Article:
Aboard the new Impression 35: the maxi-ship with real cruise spaces


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photoPortorož – 9.99 meters. Vessel category. That is, no boat license and no registration to drive the newborn in the Slovenian shipyard’s Impression range, theElan Impression 354. But don’t be fooled by the not even ten meters in length, because once you step aboard you will feel like you are sailing on a boat of at least 35 or 36 feet, especially because of the spaces carved out below deck, perfect for cruising. That was my impression when I got on the boat to try out the new hull in the waters of Portorož in Slovenia: large spaces and a pleasant splash of color: the blaze orange double wheelhouse. The hull lines were drawn by now “in-house designer” Rob Humprheys, who is able to shape his racing pencil to draw lines that ensure good pace for cruising boats as well. The new Elan Impression 354 confirms this chameleonic ability of the British naval architect. The new concept of this boat can be summed up in two words: maxi-boat semi-deck, that is, a hull under ten meters with both exterior and interior spaces proper to larger boats, thanks to the deck saloon structure.

Access to the boat’s cockpit, on this model, is via a stern platform that closes at step level, but two other versions are also available, one without a swim platform and the other with a larger platform that goes to completely close the transom. Access aboard is easy thanks to the generous space between the two standard wheelhouses, leading to a cockpit that is also livable with the center table (supplied as an option) posed between two side benches capable of seating up to six people. Also in the stern we find the split backstay and two fixed L-shaped benches for the helmsman’s seat. The lockers in the cockpit, on the other hand, have a small capacity (but enough to accommodate the raft) to leave more space below deck for the aft cabins. The hull I tested was ready to start the charter season and for this equipped with bimini (consisting of two pieces) and spryhood: both structures, equipped with a stable and areodynamic structure, however, seemed slightly low for passage. An interesting solution, however, was found for the bimini whose support points on the hull are adjustable via a trolley. On deck there are four black flush-mounted hatches, two skylights and two large windows on the deckhouse. The rigging includes a mast with quartered spreaders, full batten mainsail, a high-overlap genoa (perhaps too much, because in sailing the genoa was a bit oversized), and a gennaker to be rigged on a reactive bowsprit. The sheet circuit is fixed on the deckhouse and, like the other rigging, sent back to the keypad located to the left of the entrance below deck, while the genoa sheets are sent back on two winches within reach of the helmsman. The standard version has an L-shaped keel that fishes 1.90 meters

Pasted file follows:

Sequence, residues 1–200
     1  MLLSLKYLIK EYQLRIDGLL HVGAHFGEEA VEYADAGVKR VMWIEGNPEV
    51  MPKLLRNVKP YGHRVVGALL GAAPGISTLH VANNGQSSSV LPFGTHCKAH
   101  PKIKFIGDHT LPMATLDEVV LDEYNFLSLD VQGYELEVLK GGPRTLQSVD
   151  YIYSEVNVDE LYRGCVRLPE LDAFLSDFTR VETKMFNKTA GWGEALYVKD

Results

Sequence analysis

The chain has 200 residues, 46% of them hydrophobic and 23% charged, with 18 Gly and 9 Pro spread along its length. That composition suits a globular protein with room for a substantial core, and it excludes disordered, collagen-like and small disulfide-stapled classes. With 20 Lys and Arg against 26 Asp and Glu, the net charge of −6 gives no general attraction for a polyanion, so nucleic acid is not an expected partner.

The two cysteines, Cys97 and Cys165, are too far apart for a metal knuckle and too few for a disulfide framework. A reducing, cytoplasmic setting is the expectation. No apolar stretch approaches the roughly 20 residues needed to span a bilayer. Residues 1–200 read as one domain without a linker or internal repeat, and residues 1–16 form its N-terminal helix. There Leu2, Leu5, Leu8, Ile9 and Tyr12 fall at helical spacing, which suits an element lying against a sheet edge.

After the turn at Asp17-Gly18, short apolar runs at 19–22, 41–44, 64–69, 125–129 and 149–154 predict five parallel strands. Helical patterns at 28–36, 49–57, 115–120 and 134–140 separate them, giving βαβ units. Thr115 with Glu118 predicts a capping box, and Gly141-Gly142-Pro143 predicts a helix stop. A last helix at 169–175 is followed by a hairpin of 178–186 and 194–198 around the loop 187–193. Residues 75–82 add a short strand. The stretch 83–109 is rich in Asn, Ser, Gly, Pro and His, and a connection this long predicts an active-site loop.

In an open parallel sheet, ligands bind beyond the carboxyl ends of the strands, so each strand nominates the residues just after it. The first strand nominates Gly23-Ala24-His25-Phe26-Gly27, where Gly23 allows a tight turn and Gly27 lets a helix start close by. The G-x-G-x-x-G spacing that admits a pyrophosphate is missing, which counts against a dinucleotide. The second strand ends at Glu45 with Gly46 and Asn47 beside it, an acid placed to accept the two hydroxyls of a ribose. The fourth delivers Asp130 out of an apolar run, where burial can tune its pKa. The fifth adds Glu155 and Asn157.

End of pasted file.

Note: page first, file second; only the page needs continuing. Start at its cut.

What makes the difference below deck are undoubtedly the generous spaces created on two levels thanks to the deck saloon solution which allows for greater height, proper brightness, three large cabins and a bathroom to accommodate up to nine people thanks to the fold-down table in the center of the saloon that forms, together with the port broadside, a double bed and the starboard sofa that can be used as an additional berth ( a two-cabin version is also available with a bathroom equipped with a real shower stall and capable of accommodating up to seven people). A super-equipped L-shaped galley with a front-opening refrigerator is located in the saloon; the tilting chart table, on the other hand, is concealed in the center of the sofa on the starboard broadside.

An ideal cruising boat is a hull that can forgive any crew mistakes, and the Elan Impression 354 succeeds well in this mission. At the helm, I notice how the boat, although it does not gain speed immediately, when it picks up the pace it maintains it in a stable and light handling manner. Sailing upwind in an apparent wind of 14 knots, the boat was traveling at an average of 4.2 knots, which under gusts became 6.5 at an angle, always apparent, of 30 degrees. Leaning to take her sideways, the speed was around 5.8 knots, and with a 120-degree angle, with white sails, no asymmetric, we kept a good pace at 4.8 knots. Returning toward the harbor by motor, I have a chance to test its performance: 5.3 knots at 1,500 rpm, 6.7 at 2,000 and 7.5 at 2,500 rpm.


Length. 9,99 m
Larg. 3,49 m
Pesc. 1,90 m
Sup. vel. 58.05 square meters
Engine: Volvo 30 hp Turbo



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